“I had to learn to think, feel, and see in a totally new fashion, in an uneducated way, in my own way, which is the hardest thing in the world.  I had to throw myself into the current, knowing that I would probably sink.  The great majority of artists are throwing themselves in with life-preservers around their necks, and more often than not it is the life-preserver which sinks them.  Nobody can drown in the ocean of reality who voluntarily gives himself up to the experience.  Whatever there be of progress in life comes not through adaptation but through daring, through obeying the blind urge.”
–Henry Miller

*Quote via Brain Pickings.

 

Uncertainty

paperstrips_kairosSpecifically, embracing uncertainty.  Something I’m working on, because I’m generally not a big fan of uncertainty.  Uncertainty is… uncomfortable.

colors_kairosI do believe, however, that uncertainty is a vital part of making art.  Starting something new, how are we to know what will come of it?  “Is it going to work?  Where will it lead?  Will it be total shit?  Why am I even doing this?…”  That is the sort of thinking that tends to take over when I start new things.  It’s a vulnerable feeling.  But here’s the thing:  without risk and exploration, things dry up.  Art requires movement.  It requires progression.  It requires risk.  It requires action.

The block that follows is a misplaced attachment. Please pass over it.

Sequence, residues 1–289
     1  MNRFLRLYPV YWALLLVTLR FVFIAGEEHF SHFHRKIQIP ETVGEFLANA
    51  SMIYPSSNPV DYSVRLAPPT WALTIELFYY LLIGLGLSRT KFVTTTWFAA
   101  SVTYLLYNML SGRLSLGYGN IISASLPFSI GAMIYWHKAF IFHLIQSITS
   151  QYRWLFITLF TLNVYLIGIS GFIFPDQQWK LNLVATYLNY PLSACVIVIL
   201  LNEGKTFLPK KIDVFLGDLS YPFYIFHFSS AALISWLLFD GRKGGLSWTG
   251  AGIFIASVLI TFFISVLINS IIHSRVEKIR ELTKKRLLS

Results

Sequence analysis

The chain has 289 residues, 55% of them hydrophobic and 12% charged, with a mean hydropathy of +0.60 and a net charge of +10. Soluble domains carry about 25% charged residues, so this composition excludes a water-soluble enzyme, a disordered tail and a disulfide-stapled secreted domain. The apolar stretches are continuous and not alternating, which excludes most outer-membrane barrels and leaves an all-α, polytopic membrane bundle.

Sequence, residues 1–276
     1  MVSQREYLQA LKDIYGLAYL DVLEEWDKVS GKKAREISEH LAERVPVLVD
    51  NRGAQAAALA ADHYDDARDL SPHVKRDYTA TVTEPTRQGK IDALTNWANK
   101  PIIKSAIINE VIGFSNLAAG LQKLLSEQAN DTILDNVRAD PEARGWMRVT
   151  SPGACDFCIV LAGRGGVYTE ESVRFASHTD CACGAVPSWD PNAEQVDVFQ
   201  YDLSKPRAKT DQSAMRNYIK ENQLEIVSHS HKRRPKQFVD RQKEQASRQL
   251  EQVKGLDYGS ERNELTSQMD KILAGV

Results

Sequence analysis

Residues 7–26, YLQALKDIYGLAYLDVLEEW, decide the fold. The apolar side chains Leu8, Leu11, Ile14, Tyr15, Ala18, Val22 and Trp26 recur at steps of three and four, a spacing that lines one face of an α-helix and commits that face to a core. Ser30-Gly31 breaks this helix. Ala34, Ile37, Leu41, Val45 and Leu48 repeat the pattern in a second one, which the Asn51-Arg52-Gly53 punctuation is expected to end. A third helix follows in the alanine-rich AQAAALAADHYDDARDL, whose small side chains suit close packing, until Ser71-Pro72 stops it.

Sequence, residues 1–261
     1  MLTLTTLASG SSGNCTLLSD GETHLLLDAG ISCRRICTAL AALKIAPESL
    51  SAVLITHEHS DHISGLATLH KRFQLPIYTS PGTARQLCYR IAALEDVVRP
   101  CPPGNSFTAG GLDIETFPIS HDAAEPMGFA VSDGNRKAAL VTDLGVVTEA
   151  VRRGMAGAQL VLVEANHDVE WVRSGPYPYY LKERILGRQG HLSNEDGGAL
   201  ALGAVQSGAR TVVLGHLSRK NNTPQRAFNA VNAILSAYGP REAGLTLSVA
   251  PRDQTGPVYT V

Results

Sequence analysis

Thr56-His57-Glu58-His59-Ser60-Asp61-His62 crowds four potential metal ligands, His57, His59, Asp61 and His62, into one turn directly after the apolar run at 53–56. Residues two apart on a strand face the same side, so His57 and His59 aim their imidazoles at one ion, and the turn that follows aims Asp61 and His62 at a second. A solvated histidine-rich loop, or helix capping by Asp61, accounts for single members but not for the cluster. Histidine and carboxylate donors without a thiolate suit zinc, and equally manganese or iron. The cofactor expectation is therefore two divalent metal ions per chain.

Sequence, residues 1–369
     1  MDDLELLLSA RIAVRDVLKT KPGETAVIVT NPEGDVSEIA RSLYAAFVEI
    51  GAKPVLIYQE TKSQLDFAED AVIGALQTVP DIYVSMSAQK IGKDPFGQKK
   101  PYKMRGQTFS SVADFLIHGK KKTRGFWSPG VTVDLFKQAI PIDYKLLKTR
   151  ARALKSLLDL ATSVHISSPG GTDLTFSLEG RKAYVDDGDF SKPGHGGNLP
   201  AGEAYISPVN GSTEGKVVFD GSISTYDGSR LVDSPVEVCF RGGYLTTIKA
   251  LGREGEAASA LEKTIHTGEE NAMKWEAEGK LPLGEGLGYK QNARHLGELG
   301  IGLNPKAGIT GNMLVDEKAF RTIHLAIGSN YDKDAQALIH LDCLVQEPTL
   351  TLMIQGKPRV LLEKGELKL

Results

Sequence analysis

beginnings_kairosMost of the time, the experiments don’t work out.  Every now and then, they do.  Sometimes, they trigger a cascade of work that can last years.  But it all starts with willingness to embrace uncertainty.  So, that’s something I’m working on right now: setting some time aside to just play with different materials, play with different ways of thinking, play with failure, even.  Cultivating uncertainty.

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Above: Some of my current experiments (playing) on mylar.

Tools and Materials

tools november 2012 kairos

 

Tools and materials are my partners in creativity.  It’s sometimes easy to forget how important they are- how, often, it is a newfound tool or a deviant accidental mark that sets me down a new path of image-making.   Some of these tools have been with me so long, but I’ll try to recall how I collected each one, and what I use it for.  Left to right.